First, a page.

This election has been steeped in controversy, scandals, and an endless supply of infuriating news via social media concerning our electoral process. The candidates have often been described as the “lesser of two evils” depending on one’s political perspective, and have engaged in disputes across every form of media and often leaving political discourse to be an afterthought in the public’s perception of them.
In the middle of the contention (though certainly not the only force behind it) is Donald Trump. Well known for his real estate mogul image and starring role in “The Apprentice,” Mr. Trump’s name has gained the connotation of luxury and high achievement. Indeed, marketing of the Trump brand over the years has created an image that most Americans know and subtly trust. How can we use the lens of marketing to examine what went awry in this election, and how we can use this as a lesson for both the media’s role in brand image and elections moving forward?
Politics is a microcosm for marketing techniques and principles to flourish in. Instead of products finding their way into various forms of media and campaigns centered on a brand, we get rhetoric agreeing with our hopes on a very personal level. This process naturally creates a divide between the electorate, or “market” for votes in our terms. So an ideal campaign must have the tendencies and fervor equal to that of today’s biggest companies. Examining each of the two major candidates logos will give us a small portrait of their marketing strategy.
For Hilary Clinton’s image, she has largely assumed the mantle of progress that the Democrats have come to represent. Her logo has skewed from the traditional patriotic color field with a name in it that populates many lawns altogether. Instead, her campaign enlisted Michael Bierut’s graphic design firm Pentagram to create a complete logo system, consisting of a capital ‘H’ with an arrow pointed forward. This allows for Hilary’s brand image to morph towards the demographic and/or event they are trying to reach in a subtle but unmistakable way.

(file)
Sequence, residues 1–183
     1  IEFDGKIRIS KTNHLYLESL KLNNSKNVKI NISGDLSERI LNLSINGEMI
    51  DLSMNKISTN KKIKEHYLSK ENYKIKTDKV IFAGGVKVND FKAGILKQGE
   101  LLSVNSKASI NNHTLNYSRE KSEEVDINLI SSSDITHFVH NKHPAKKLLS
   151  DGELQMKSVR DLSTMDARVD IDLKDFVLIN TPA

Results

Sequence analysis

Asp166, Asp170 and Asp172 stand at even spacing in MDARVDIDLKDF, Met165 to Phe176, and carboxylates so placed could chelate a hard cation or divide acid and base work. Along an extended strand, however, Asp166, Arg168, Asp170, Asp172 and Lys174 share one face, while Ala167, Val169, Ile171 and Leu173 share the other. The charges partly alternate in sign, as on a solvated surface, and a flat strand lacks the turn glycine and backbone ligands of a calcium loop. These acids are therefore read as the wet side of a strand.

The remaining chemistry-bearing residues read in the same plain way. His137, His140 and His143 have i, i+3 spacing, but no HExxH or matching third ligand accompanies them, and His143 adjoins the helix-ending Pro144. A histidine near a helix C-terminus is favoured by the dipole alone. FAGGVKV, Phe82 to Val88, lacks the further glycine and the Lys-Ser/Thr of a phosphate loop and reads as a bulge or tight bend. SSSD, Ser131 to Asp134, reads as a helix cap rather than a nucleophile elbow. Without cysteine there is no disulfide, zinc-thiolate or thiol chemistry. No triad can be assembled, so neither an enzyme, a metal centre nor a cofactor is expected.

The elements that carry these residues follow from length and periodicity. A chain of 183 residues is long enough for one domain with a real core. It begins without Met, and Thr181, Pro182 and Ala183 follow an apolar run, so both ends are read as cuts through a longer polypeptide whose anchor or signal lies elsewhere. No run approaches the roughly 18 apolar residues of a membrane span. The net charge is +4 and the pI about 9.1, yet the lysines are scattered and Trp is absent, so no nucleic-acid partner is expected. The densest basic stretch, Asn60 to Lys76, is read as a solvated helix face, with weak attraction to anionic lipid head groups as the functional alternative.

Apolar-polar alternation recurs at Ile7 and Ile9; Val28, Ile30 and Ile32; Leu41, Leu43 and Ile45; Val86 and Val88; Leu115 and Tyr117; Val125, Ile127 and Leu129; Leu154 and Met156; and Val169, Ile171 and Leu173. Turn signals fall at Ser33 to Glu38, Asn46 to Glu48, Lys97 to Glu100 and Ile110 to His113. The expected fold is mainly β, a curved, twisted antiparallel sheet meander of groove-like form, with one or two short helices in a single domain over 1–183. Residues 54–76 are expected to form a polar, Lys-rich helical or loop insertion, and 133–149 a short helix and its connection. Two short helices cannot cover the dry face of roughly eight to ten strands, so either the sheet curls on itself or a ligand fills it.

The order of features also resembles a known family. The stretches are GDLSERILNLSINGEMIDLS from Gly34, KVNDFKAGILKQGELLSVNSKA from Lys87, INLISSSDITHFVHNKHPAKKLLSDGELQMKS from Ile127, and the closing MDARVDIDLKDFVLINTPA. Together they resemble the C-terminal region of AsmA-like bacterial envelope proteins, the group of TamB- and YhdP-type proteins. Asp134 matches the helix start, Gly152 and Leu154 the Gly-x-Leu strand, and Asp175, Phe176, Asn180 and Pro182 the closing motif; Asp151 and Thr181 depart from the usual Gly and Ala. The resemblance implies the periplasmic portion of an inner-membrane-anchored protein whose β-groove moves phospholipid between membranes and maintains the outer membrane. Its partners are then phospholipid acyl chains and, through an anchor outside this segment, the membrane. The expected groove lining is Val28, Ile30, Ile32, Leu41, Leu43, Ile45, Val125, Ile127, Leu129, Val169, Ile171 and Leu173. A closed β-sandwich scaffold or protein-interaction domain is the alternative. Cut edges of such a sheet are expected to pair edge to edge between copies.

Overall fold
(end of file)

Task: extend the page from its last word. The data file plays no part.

Trump’s branding reflects the connection he wants to establish with the traditional American workers and values that the left is, supposedly, attempting to leave behind. We get no symbols, nor clever color configurations. Instead, in a very trump-esque manner, we see T-R-U-M-P in bold white letters above his campaign’s redemptionist slogan: Make America Great Again!
So how exactly did a man whose brand openly facilitates xenophobic ideology and prejudice, ascend the Republican party and become a candidate for leader of the world’s most powerful nation? If you cannot possibly find an answer for this, then you’re probably not in the demographic Trump is interested in.
The beginning of this election was marked by a crammed field of 17 political candidates vying for the Republican candidacy. This situation seemingly mirrored the endless gridlock in Washington and the discontent in our country’s political system.
In Regis McKenna’s landmark article “Marketing Is Everything,” he described a situation that is relevant for both businesses and political candidates: “A greater number of voices translates into a smaller impact. Customers simply are unable to remember which advertisement pitches which product, much less what qualities or attributes might differentiate one product from another. Very simply, it’s a jumble out there.”
This is where excellent marketing of the Trump campaign forced the political field to capitulate to his strategy. Rather than tone down his rhetoric to fit the mold of traditional candidates, Trump’s campaign chose to amplify his controversy, turning the media’s conversation in his direction. The more inflammatory his remarks, the more coverage he gained in the news circuit and on social media. The more coverage he received, the more presence he commanded over the rest of the candidates. In a self-perpetuating cycle, Trump took advantage of a media system that antagonized him in order to market himself over his competitors, allowing him to absorb the conservative-leaning votes in the process.
So what does this mean for future elections? How can brand image in politics prevent itself from being overran by sheer ratings and empty rhetoric? The answer may lie within the political party’s themselves, and the way they perpetuate themselves in the media. Perhaps they can learn something from Trump’s use of the media to more strongly communicate a central message to voters. Only time will tell whether or not political discourse and electioneering will evolve to keep pace with today’s media. Until then, it is the responsibility of us marketing savvy people to use our talents for a good purpose. Especially not to ruin elections.